Acknowledge the queen of textiles

The minute the announcement of a ceremonial occasion is made in the family, the first question that crosses every woman’s mind is ‘What should I wear?’

Then begin the innumerable rounds of markets, malls and shopping plazas for a perfect ready-made ensemble to look for the right cut, colour, shape, style, fall and fit. But all these parameters often fail to coexist in one single piece and the search for a tailored garment hence begins!

On entering a cloth store, the scene of the shop appears similar to a vegetable market where varieties of fabrics are laid out- some lying flat on floor, other piled up in ascending shades of one colour and the rest of the lighter ones are hung from a rope. Most exotic among these is silk, which is available in a vast variety and is perfect for almost any occasion. But clueless as to which type of silk to finalise, hours are wasted in the practice that yields no fruitful results.

Silk is known as paat in Eastern India, pattu in southern parts of India and resham in Hindi and Urdu and has a long history that dates back to the Chinese Silk Route. The shimmer of this fabric is due to its triangular prism-like structured fibre which refracts incoming light at different angles and produces different colours. Silk spells luxury, elegance, class and comfort, be it in any form.

There are four major types of silk of commercial importance which are obtained from different species of silkworms which feed on a number of food plants. These varieties are – Mulberry (shiny, smooth and fluid), Tussar (copperish colour, coarse silk), Eri (used by tribals in North-Eastern India) and Moonga (golden yellow colour silk from Assam).

So if you are finalising an evening gown, mulberry silk will add elegance to your look and if earthen sarees are your choice then tussar is the best option. “Tussar is a very good drape for sarees and jackets. Even when dyed, it gives a very dull, soft and sophisticated look,” says designer Anuradha Ramam.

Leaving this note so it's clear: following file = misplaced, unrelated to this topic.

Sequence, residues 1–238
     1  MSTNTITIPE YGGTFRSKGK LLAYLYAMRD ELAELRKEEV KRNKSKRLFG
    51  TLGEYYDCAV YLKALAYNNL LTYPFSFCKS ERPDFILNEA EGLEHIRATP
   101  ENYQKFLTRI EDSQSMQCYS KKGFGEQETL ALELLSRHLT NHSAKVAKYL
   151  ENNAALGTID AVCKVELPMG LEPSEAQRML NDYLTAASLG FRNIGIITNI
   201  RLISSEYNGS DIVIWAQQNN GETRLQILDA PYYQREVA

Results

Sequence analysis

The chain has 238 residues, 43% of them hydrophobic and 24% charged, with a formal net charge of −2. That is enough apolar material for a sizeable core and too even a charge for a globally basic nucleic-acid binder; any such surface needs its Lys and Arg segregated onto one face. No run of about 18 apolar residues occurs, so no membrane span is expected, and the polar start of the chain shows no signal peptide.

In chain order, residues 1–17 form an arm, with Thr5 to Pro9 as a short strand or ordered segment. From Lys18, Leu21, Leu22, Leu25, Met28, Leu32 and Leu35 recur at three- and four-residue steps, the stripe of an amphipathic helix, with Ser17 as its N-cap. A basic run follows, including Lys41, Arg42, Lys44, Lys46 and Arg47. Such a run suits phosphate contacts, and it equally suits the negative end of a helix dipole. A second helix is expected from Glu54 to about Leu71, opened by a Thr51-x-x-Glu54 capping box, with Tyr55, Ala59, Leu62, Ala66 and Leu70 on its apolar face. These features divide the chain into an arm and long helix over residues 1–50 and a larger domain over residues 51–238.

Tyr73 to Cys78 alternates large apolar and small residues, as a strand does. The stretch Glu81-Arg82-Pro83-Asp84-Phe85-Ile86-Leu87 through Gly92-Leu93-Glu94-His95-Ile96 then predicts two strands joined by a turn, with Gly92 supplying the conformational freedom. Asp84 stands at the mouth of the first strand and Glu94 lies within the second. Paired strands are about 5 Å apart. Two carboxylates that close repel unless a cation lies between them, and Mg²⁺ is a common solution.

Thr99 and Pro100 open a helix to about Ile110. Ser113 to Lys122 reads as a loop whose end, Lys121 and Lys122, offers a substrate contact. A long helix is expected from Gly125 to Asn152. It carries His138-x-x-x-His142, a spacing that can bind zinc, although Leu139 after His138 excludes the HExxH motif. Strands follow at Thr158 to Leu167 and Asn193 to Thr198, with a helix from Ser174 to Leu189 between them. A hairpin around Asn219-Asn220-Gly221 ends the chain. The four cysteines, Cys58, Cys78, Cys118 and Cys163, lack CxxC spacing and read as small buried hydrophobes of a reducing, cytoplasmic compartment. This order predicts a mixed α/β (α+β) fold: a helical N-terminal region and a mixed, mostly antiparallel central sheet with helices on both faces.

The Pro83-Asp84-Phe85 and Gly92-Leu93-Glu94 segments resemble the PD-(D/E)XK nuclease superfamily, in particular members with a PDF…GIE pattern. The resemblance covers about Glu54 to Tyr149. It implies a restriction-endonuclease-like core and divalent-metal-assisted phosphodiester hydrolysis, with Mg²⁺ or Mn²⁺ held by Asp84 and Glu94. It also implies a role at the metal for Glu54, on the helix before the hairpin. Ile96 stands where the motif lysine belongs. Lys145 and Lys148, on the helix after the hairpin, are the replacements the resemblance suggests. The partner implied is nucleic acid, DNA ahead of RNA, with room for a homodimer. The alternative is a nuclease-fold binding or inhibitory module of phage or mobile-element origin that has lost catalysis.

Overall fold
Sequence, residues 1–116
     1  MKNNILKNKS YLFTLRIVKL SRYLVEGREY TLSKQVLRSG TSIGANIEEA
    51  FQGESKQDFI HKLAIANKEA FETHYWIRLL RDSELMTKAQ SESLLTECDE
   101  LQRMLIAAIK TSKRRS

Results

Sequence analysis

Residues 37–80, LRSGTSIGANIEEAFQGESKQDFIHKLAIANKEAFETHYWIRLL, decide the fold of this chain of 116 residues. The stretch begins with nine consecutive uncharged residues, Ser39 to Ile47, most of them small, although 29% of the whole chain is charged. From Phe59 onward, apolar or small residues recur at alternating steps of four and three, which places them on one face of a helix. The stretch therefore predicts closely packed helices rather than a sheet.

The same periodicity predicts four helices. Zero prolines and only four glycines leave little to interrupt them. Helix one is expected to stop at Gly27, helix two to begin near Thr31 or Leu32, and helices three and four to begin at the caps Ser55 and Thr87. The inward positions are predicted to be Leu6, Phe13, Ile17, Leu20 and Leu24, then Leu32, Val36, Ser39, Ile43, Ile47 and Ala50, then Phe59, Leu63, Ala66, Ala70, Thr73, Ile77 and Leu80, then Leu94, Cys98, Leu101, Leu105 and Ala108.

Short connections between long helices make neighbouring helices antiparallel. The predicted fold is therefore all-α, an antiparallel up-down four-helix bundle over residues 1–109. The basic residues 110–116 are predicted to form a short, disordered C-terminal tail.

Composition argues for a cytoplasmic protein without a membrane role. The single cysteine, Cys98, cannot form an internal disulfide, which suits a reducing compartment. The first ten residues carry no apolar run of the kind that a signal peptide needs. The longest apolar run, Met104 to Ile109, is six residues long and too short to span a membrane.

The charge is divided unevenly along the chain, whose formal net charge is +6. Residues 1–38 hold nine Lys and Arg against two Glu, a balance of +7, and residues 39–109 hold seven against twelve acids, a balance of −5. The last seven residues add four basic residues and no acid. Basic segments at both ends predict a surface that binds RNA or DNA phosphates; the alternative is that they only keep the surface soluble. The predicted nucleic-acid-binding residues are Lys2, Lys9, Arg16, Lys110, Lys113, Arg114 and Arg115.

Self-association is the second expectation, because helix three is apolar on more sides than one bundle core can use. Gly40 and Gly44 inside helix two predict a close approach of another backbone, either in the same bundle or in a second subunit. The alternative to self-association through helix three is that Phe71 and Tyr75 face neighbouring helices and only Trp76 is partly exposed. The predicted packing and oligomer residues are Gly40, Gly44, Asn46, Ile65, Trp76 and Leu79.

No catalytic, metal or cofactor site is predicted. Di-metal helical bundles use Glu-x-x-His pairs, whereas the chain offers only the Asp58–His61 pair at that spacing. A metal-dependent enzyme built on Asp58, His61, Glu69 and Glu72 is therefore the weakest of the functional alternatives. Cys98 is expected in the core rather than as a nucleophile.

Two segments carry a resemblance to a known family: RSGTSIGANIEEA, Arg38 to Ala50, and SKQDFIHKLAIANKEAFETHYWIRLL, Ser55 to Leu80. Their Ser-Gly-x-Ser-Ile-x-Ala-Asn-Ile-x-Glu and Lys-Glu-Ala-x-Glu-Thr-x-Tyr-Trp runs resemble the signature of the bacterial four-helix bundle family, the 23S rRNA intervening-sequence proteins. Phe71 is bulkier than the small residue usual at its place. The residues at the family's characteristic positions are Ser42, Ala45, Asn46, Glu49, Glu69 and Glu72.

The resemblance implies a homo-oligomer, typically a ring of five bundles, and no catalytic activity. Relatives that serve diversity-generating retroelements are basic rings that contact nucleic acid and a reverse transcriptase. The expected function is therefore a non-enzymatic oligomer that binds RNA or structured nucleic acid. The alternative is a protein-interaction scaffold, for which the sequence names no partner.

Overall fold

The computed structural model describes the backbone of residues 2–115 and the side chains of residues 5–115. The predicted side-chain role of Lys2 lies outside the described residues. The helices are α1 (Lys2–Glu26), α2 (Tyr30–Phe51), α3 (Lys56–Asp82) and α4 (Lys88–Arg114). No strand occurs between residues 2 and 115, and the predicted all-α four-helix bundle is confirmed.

But if carrying a saree seems a herculean task then one can try kurtas in maldah silk teamed with either churidars or even trousers. “Maldah silk is finer and thinner and can be used to create kurtas and dupattas as it has a nice fall and doesn’t need to be lined. Matka silk can also be used for making kurtis as
it is a little coarse,” adds Anuradha.

There is also Bangalore silk, which is a good option for a lot of garments. Anuradha says, “Bangalore silk is more flexible, triable and malleable. One can use it in contrast colours to line a jacket as it is soft and smooth. It works well for making dresses too. Just like raw silk which makes beautiful sarees and anarkalis along with dresses as it has rich and bright colours which look good as evening wear. But make sure that you line up your garments made of raw silk.”

If your concern is the upcoming spring-summer, then you must try short and long skirts and tunics in mixed silk. Fashion designer Samant Chaihan, who is known for his work in Bhagalpuri silk, suggests, “Wearing pure silk might not be conducive in summer so one can try silk which is blended with soft cotton and even linen. Dyed through natural process such in tea leaf and iron rust colour, the cotton and linen silk makes exquisite tunics that can be paired with churidars and a scarf length dupatta. Long skirts made with tie and dye and hand-printed technique in natural tone of gold will make a stunning look for summer!

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